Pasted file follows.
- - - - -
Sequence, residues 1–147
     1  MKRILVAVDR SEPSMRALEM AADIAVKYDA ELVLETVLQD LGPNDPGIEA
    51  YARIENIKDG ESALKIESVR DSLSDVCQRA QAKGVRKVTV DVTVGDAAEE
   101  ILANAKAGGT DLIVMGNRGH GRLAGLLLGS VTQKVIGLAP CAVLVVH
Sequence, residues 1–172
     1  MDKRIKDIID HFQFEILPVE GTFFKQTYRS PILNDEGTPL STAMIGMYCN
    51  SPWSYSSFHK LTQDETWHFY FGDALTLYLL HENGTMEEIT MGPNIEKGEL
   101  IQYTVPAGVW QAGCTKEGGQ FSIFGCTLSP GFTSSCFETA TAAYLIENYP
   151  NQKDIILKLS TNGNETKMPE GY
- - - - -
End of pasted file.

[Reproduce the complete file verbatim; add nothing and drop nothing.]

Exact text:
Sequence, residues 1–147
     1  MKRILVAVDR SEPSMRALEM AADIAVKYDA ELVLETVLQD LGPNDPGIEA
    51  YARIENIKDG ESALKIESVR DSLSDVCQRA QAKGVRKVTV DVTVGDAAEE
   101  ILANAKAGGT DLIVMGNRGH GRLAGLLLGS VTQKVIGLAP CAVLVVH
Sequence, residues 1–172
     1  MDKRIKDIID HFQFEILPVE GTFFKQTYRS PILNDEGTPL STAMIGMYCN
    51  SPWSYSSFHK LTQDETWHFY FGDALTLYLL HENGTMEEIT MGPNIEKGEL
   101  IQYTVPAGVW QAGCTKEGGQ FSIFGCTLSP GFTSSCFETA TAAYLIENYP
   151  NQKDIILKLS TNGNETKMPE GY